Diets don't work. Why not? Because they focus on what foods we should and shouldn't eat but completely ignore everything else that makes us fat. Peter Walsh believes the secret to successfully losing weight is focusing on how, why and where you eat. When it comes to clearing clutter (the fat in our homes) it isn't about the stuff itself, it's about the life you want to live. The same is true for losing weight: It's not about the pounds, it's about living the life you deserve in the body you want.
It's Not About the Food
As I learned in cluttered houses across the country, when you've collected too much of anything, including fat, you can't get rid of it without facing the underlying issues. To lose weight, to achieve the body and look you desire, you have to consider the many aspects of where and how you live. You have to consider the life you want to live. You have to look at your body the way you look at your house and say, "Do I honor and respect this body? Does it reflect who I am?" If your goals aren't clear and your thinking isn't focused, you can't break the habits that stand in your way.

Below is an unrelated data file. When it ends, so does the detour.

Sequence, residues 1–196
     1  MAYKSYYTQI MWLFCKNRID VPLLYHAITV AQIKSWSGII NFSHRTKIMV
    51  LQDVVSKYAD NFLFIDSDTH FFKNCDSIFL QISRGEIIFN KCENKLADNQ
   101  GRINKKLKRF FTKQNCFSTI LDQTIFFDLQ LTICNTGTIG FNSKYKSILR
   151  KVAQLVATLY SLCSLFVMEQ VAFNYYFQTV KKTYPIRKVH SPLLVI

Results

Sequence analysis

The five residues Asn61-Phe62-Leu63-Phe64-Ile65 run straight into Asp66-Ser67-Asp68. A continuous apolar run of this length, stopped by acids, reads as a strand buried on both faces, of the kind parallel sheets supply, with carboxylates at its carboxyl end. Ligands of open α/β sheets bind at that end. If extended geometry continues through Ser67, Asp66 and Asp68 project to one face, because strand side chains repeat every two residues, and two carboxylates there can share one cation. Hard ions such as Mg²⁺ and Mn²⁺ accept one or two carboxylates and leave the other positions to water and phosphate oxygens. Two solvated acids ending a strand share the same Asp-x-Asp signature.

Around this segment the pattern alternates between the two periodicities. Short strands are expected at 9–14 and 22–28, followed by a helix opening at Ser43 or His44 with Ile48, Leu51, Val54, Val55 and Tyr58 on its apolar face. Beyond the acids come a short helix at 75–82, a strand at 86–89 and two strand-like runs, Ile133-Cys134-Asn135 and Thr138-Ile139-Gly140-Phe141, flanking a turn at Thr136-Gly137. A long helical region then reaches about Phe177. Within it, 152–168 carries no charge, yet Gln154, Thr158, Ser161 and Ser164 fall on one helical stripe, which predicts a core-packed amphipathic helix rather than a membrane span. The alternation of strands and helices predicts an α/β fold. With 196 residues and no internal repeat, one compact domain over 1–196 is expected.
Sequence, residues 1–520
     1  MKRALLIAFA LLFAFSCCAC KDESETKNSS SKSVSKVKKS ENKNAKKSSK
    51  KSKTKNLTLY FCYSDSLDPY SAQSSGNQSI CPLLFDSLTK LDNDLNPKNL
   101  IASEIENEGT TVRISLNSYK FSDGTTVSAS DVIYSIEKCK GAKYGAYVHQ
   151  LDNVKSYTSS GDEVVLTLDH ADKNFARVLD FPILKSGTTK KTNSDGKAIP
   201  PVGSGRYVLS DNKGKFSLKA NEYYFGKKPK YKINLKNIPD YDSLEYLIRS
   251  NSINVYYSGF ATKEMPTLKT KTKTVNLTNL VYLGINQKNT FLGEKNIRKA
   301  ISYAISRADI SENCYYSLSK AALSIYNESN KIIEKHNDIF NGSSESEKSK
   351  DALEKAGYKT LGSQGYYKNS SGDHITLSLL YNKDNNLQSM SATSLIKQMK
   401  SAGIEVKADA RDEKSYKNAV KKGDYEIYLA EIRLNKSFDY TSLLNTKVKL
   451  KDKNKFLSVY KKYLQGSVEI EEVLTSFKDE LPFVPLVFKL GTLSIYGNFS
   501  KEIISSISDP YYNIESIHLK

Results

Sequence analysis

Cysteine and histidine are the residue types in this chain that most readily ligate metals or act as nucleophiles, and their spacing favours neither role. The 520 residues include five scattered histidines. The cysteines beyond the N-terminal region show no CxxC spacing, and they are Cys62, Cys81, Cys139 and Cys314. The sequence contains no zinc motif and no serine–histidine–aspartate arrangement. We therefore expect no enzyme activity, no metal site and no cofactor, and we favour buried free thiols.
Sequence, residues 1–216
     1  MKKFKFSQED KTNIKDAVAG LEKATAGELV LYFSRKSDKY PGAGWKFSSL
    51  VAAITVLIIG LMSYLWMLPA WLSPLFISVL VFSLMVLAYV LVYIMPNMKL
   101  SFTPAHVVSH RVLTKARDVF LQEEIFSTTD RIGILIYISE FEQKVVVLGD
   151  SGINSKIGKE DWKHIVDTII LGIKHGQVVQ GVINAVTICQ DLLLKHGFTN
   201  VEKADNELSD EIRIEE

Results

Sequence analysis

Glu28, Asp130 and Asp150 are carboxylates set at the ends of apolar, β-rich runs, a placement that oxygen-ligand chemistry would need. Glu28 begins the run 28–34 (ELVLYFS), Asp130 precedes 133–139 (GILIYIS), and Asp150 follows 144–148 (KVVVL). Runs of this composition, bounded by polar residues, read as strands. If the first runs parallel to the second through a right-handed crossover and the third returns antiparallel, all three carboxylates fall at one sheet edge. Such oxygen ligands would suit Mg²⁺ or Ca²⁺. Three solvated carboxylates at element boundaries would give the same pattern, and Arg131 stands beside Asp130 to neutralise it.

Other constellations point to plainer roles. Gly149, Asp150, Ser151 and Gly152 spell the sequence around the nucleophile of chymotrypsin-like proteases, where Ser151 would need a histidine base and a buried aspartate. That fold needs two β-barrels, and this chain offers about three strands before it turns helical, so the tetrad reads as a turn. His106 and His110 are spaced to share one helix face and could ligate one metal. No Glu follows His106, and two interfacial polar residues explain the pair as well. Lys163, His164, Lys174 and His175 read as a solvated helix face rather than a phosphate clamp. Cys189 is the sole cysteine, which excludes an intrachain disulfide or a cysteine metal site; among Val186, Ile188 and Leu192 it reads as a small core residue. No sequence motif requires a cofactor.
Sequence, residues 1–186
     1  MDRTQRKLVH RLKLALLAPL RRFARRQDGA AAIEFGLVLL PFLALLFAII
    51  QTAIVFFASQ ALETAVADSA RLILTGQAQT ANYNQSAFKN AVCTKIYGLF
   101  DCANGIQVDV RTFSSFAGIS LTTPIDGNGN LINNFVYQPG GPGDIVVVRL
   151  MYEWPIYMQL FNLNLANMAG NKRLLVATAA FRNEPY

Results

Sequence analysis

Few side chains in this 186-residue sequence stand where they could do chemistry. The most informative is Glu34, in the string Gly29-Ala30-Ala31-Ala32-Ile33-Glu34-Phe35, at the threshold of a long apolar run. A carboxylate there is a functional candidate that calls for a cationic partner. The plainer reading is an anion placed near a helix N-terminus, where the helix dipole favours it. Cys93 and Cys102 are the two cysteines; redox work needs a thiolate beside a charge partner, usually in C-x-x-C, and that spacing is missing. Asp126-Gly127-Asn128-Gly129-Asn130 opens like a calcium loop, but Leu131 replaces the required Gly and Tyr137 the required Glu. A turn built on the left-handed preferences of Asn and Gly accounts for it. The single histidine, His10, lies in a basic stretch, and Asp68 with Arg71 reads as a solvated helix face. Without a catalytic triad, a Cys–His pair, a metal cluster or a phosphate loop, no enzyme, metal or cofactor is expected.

To deal with the fat that clings to your hips, you need to look beyond the number on the scale. If that's your focus, you will never lose weight. I know that this flies in the face of common thinking, but consider this: Every year, we spend nearly 40 billion dollars on diet books and programs. It's estimated that 45 million of us diet at some point every year and yet we keep gaining weight. If diets are the key to losing weight, why is that with the increasing number of diet books the pounds just keep stacking on? Why, if so many of us diet at least once every year, are two-thirds of us heavier than we should be? As far as I'm concerned, most of those diet books are full of empty promises and short-lived results. They encourage us to spend hours weighing, measuring, and scoring what we put in our mouths. They fill us with a sense of failure and guilt. And each diet book contributes one more piece of clutter to our homes, adding to our already increasing weight—both on our bookshelves and on our hips! More diet books, more weight—a paradox.